I woke up with contractions coming every 3 minutes at 3 am on Thursday morning. I was so excited I woke up my husband and told him “I’m in labor!” And we packed our bags and headed to the hospital. My husband called a few hours later to his boss informing her that labor had begun, her response: “What are your plans for work then?” and his response was: “I’m not coming.”
I had not be instructed by any of my care providers anything about the normal progression of labor aside from “If you can’t talk, walk, or sleep through a contraction, come in.” But according to my research it was possible to have a labor without pain, so I knew that advice was seeded in toxic labor practices. What no one told me is that even in pain free labors there is still an intensity that makes it difficult to focus on anything but the process. But that didn’t help me understand what to do in those early stages of labor. What positions were best to strengthen labor? Should I rest or walk? All of the research I had done focused on what to do to cope through active labor…. I had neglected to work through what to do in early labor.
I thought heading to the hospital with all the knowledgable nurses and midwives would be the best strategy. I got to the hospital and the contractions spaced out to 10 minutes apart. No on on the staff told me that was common, checked me and I was 1 cm, and the OB on call that day wanted to schedule me for an induction on Sunday. I was determined that this baby would not still be inside me on Sunday!
I went home and sat on my birth ball, watched a funny tv show, drank water, walked, the updated facebook fam on our progress, and rested. No one empowered me with things I could do to make sure baby was in a good position or techniques I could do at home to help bring on active labor, so I did the best I could. I focused on breathing and relaxing my body during contractions just like I had studied.
My husband got home from work about 5 and went to take a nap after dinner in case we needed to be up all night. Not long after he went to bed I had my first contraction that was a high intensity level. I fell to my knees with the pain and found myself writhing on the floor. I instantly entered into a panicked state. I didn’t realize that the intensity of the contraction might make me forget instantly all that I had learned. And I instantly became regretful that I didn’t coach my husband on the techniques as well. I needed someone to remind me but my team wasn’t prepared. I was scared. I woke up my husband and we went back to the hospital.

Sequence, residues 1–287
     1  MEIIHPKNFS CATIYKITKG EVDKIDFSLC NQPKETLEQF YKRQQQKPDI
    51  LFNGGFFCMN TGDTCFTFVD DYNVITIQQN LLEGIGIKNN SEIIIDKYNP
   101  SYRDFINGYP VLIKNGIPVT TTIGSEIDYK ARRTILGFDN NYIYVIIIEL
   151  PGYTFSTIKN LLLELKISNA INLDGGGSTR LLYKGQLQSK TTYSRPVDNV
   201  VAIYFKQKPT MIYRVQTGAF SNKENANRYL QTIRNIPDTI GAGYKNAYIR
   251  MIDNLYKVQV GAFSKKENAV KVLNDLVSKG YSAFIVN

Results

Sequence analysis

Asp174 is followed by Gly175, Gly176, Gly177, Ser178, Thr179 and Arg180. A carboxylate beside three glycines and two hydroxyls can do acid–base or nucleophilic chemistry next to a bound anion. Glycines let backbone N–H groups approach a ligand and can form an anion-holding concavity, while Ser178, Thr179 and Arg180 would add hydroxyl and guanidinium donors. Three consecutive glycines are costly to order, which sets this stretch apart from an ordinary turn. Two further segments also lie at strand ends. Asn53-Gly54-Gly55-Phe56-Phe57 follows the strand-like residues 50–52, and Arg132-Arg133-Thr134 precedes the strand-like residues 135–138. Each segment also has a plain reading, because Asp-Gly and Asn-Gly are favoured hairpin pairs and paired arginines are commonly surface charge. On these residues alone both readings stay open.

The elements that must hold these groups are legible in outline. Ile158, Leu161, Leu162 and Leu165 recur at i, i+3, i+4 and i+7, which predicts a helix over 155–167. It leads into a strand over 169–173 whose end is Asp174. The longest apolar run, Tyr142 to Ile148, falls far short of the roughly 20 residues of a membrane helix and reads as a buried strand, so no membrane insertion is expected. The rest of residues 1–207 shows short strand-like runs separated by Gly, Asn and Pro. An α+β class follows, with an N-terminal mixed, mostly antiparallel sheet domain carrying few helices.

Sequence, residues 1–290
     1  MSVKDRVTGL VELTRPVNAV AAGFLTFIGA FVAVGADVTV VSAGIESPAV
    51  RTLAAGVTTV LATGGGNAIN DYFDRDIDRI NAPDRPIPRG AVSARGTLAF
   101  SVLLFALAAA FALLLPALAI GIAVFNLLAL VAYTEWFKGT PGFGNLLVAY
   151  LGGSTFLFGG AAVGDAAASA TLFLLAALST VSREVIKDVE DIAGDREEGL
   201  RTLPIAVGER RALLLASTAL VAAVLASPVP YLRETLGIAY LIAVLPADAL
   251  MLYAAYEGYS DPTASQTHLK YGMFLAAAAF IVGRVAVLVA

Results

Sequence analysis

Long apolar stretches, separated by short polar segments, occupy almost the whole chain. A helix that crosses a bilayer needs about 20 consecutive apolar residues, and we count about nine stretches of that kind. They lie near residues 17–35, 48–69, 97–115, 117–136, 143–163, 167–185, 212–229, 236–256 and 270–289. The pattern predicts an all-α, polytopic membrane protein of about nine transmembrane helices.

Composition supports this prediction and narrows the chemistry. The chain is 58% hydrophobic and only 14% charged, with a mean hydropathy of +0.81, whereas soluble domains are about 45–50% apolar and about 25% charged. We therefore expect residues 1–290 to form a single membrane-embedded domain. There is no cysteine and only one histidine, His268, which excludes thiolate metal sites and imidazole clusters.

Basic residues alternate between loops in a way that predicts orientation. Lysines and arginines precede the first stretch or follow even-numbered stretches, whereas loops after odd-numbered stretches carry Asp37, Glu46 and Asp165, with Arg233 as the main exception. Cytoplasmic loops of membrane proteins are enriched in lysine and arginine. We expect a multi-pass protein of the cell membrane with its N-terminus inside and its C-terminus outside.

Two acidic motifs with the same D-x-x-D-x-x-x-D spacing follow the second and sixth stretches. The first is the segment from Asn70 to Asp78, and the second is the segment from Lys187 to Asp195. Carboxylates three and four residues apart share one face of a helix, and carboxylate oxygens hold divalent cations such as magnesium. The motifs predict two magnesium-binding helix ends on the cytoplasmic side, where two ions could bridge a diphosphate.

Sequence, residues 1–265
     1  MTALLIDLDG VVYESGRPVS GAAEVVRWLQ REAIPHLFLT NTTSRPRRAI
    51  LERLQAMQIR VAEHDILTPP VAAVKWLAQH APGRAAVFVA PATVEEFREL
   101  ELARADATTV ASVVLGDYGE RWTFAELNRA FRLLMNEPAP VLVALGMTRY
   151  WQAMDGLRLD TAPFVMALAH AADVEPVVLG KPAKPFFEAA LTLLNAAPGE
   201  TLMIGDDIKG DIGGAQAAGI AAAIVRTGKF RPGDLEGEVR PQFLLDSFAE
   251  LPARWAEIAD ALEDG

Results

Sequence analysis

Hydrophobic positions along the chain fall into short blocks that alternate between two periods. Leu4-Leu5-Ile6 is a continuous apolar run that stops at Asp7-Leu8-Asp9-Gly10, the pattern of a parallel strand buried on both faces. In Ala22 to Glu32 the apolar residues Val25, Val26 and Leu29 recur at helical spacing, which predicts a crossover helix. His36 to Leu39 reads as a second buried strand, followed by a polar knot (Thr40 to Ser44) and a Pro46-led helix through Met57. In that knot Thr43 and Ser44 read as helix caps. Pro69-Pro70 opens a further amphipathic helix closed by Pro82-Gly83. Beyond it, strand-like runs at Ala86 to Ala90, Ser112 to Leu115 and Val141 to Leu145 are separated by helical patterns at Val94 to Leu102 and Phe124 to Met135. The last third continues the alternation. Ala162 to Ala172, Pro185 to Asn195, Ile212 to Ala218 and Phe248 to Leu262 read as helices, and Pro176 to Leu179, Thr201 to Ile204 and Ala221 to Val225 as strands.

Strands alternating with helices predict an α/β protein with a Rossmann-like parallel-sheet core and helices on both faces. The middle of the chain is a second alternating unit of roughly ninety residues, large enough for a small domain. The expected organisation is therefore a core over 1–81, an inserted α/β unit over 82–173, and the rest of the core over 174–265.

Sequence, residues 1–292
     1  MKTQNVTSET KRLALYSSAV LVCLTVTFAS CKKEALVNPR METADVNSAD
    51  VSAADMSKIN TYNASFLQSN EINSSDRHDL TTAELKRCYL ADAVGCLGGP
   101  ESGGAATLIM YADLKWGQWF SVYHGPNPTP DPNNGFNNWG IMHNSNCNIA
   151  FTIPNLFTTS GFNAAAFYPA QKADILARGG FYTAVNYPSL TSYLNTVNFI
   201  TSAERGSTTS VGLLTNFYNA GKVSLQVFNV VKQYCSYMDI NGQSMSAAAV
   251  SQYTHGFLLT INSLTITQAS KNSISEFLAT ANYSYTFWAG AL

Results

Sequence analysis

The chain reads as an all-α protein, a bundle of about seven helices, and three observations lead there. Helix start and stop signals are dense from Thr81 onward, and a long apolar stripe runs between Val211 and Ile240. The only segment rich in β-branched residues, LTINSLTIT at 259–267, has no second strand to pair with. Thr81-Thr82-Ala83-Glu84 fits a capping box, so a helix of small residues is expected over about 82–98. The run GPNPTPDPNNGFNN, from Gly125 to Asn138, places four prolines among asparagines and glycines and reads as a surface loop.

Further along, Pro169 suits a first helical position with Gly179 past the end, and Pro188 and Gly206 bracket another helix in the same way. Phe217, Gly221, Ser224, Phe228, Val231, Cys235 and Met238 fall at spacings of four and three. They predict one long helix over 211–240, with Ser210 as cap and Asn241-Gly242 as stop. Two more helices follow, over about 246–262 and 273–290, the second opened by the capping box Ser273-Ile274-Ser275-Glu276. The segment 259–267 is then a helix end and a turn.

I got there Thursday night at 1 cm still… still… I hate that wording. As if I was expected to be further along after only a few hours of hard contractions. I was admitted and instructed to walk the halls. And so I did with my mother and husband, we walked and walked. At this point I had been up since 3 am, the resting hadn’t included a nap. And I was starting to get tired but eager to hold my baby.
The only instruction I really received from any nurse or midwife was to walk or sit on the birth ball. But when Friday came and I had been awake for 24 hours with no sleep I struggled to keep moving and being active. That’s when the care from my midwife became even more difficult. I was told I was not making enough progress to justify keeping me in the hospital, so according to hospital policy they needed to administer medication to me or send me home. My contractions had been hard and 2 minutes or less apart all night and into Friday. The thought of walking anywhere, much less to the car and into the home to have to judge when to come back again shook my to my core. So I agreed to Demerol, but only because I was not given informed consent. No one told me if it was still in my system when my baby was born it could negatively impact our journey and no one told me it wouldn’t take the pain away just slow down my labor. My contractions slowed to 10 minutes apart for 3-4 hours. This did allow me to nap for short bursts.
It’s around this time that I started talking negatively to myself. “Why am I not progressing? What am I doing wrong?” I didn’t know how to express these thoughts to my team. They continued to be steadfast and faithful as I worked through the path I was on. I crawled inside myself, as the exhaustion and discouragement settled in, I didn’t think about my baby on the way, I didn’t think about my hopes for a natural birth, I even stopped thinking of the labor, I was numb.
If you missed part one find it here! part 3 coming soon!